Verizon's 4G LTE is on a roll. Launched in December 2010, LTE has spread to 74 markets, with the promise of 145 markets by the end of 2011. The LG Revolution is the newest addition to Verizon's 4G smartphone roster, and it packs some high-end features such as a 1 GHz Snapdragon CPU, 4.3-inch display, HDMI port, and a front-facing camera for video calling. That said, it's launching at the same price point as the HTC ThunderBolt, which offers added features like an 8-megapixel camera, kickstand, and of course, HTC's strong reputation of upgrading their devices as new Android software builds launch. Choice is always good, but does the Revolution live up to its name?
Looks are always subjective, but there's no denying it - the LG Revolution is the chunkiest of Verizon's crop of 4G LTE smartphones. Coming in at 5.03 inches tall by 2.63 inches wide by 0.52 inch thick and tipping the scales at 6.08 ounces, it's the largest and heaviest of the three. The phone ships in a black box similar to the HTC ThunderBolt and offers an AC adapter, USB cable, 8 GB microSD card, and the usual instruction manuals. The left side houses the microUSB charging port, while the right side offers the volume rocker and an HDMI port. Both the charging port and the HDMI port are protected by a flap. On the top, you'll find the 3.5mm headphone jack and power button.
Revolution offers a plain-Jane 4.3-inch display. No qHD or Super AMOLED Plus to be found here, and it shows when compared to devices like the Samsung DROID Charge and Motorola DROID X2. Also, I find the display to be unresponsive in comparison to other smartphones on the market. I'll often have to tap an application two or three times before my gesture is registered.
Sporting a 1 GHz Snapdragon processor, the LG Revolution is zippy in most day-to-day tasks. While there's the occasional lag when running a graphics-intensive task like a video, you won't see any lag while browsing the web, downloading apps, or taking pictures.
The Revolution ships with Android 2.2 and LG's custom smartphone user interface. While manufacturers like HTC and Samsung have had years to perfect their mobile user interfaces (Sense and TouchWiz, respectively), this is LG's first go-around in the smartphone overlay arena, and it shows. LG's interface isn't as developed as its competitors, and widgets and apps aren't as polished as the other interfaces. That said, software interface preferences are subjective, so be sure to check out the Revolution's in comparison to other UIs like Sense, TouchWiz, and MOTOBLUR.
The device ships with quite a few pre-installed applications like VZ Navigator, Netflix, Rhapsody, Rock Band, Slacker, Lets Golf 2, Bitbop, TuneWiki, V CAST Apps, V CAST Media Manager, 4G Mobile Hotspot, Backup Assistant, Guided Tours, and My Verizon Mobile. Sadly, most of them can't be uninstalled, though they can be moved to a different folder within LG's menu structure and hidden.
The Revolution has a 5-megapixel camera with a flash and 720p HD video recording, and though it's behind most of its competitors, it takes a decent still picture. Editing options include image size, scene mode, ISO, white balance, color effect, shot mode, image quality, and more. The 720p HD video was a mixed bag. The video quality was fairly good with vivid colors, but the audio quality was terrible. It's certainly not going to replace your point and shoot camcorder, though it'll be usable for the occasional video.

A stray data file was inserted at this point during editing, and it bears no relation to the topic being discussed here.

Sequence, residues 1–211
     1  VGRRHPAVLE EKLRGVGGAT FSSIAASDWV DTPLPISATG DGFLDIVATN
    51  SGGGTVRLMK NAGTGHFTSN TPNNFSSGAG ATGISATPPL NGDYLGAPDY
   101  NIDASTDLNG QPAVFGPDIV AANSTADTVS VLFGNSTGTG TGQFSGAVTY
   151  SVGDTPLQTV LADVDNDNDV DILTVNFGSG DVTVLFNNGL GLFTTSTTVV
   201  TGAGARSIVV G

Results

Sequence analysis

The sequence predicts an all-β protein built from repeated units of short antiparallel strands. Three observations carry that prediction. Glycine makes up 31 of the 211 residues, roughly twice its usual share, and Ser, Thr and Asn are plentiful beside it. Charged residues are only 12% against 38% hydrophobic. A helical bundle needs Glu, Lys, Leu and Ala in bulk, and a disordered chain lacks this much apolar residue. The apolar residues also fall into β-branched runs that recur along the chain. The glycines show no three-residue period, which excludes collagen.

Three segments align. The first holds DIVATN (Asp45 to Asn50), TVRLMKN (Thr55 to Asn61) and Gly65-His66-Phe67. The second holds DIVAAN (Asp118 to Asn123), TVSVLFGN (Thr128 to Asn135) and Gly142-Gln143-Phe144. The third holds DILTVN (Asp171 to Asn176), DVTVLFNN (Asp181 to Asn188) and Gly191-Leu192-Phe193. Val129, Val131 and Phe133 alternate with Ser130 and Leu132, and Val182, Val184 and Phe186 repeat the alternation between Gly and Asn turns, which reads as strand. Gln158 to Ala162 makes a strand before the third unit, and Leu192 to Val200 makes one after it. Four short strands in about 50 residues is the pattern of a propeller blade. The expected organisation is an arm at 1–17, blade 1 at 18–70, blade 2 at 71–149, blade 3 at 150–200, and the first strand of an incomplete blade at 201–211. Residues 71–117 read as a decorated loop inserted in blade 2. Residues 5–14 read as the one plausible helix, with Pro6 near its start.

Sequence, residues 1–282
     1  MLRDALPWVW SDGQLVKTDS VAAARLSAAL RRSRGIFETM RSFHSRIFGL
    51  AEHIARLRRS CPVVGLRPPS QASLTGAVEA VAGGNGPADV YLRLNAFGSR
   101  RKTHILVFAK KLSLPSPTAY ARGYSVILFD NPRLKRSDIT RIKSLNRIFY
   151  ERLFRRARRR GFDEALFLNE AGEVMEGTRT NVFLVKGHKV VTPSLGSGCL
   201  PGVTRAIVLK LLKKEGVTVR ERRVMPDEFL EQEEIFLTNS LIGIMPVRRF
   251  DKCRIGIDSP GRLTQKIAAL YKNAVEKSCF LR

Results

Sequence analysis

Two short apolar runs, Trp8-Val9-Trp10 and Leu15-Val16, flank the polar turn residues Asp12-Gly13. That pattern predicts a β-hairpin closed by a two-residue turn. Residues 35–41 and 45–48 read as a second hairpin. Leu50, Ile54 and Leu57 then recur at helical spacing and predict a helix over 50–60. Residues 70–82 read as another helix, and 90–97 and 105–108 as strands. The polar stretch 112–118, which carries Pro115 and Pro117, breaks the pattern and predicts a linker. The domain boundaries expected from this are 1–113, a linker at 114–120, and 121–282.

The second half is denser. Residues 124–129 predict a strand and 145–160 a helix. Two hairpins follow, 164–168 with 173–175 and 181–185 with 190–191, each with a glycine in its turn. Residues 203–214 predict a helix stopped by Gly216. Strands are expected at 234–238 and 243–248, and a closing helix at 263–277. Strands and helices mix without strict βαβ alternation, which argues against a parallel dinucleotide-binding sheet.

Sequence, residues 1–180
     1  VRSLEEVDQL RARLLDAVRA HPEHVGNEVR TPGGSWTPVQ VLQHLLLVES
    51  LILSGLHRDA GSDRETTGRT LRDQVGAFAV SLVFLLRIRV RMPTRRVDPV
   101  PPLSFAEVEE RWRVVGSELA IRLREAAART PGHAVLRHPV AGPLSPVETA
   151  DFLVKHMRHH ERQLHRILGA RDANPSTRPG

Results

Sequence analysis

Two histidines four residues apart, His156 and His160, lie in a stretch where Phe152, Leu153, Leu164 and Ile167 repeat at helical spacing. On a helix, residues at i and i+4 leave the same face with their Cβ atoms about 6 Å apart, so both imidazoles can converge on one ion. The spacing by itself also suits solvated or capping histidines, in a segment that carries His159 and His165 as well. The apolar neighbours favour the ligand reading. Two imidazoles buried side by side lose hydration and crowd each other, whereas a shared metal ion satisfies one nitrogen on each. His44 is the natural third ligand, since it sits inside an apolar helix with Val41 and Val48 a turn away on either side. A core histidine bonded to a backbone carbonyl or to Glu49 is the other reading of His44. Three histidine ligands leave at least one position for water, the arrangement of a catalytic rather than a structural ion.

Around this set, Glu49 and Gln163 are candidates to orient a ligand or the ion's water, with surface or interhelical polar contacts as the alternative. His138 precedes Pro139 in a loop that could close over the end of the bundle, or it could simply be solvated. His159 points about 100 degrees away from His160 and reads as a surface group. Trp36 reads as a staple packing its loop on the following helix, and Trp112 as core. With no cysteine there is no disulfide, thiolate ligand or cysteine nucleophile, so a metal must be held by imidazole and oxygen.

I tested the LG Revolution in the Charlotte metro area and while traveling through Western North Carolina one weekend, and overall, call quality was impressive. The earpiece is sufficiently loud, and my callers had no problem hearing me. When testing it in a few fringe areas, I was able to retain the call each time, though call quality dropped substantially in the various dead zones and I was unable to hear the caller over the "chop."
As I said earlier, Revolution is Verizon's third 4G LTE device, and the speed tests don't disappoint. As I expected, the phone achieved download speeds between 8.66 and 14.39 Mbps, with upload speeds between 3.34 Mbps and 7.53 Mbps. While Verizon's LTE is not reliable as a standalone data service just yet (it constantly cuts in and out after a few minutes of use), it works perfectly in the mobile data department. Web pages loaded incredibly fast and apps download with incredible ease. It's amazing to use LTE for a few days and return to 3G; it's like a night and day difference.
The Revolution packs a 1,500 mAh battery. Remember my complaints about select Samsung devices taking too long to charge? The LG Revolution is far worse. As an example, I plugged it in at around 1:00 PM on a Saturday, and by 4:30 PM, it had only charged 32 percent. Needless to say, there's a contingent of users out there that live off of 15 and 20 minute charges between meetings; for those people, the Revolution won't pass the test.
It's always good to have choice, and the LG Revolution compliments Verizon's 4G LTE lineup by offering a device with a different design, an HDMI port, and Netflix support out of the box. The problem with the Revolution is that it's not revolutionary. There's nothing to distinguish this device from the other two 4G devices, and in most cases, one of the other two devices has a performance or feature advantage. Take the ThunderBolt, which also retails for $249.99. It offers an 8-megapixel camera, has a more developed user interface, and will be receiving Gingerbread in the near future.
What's Good: Call quality; HDMI port and Netflix out of the box means you can watch movies while traveling.
What's Bad: Revolution is bulky and takes too long to charge. The user interface needs work as well.
The Verdict: Revolution is a nice addition to Verizon's lineup, but the HTC ThunderBolt (which, as of the time of this writing) is priced the same and offers a better feature set.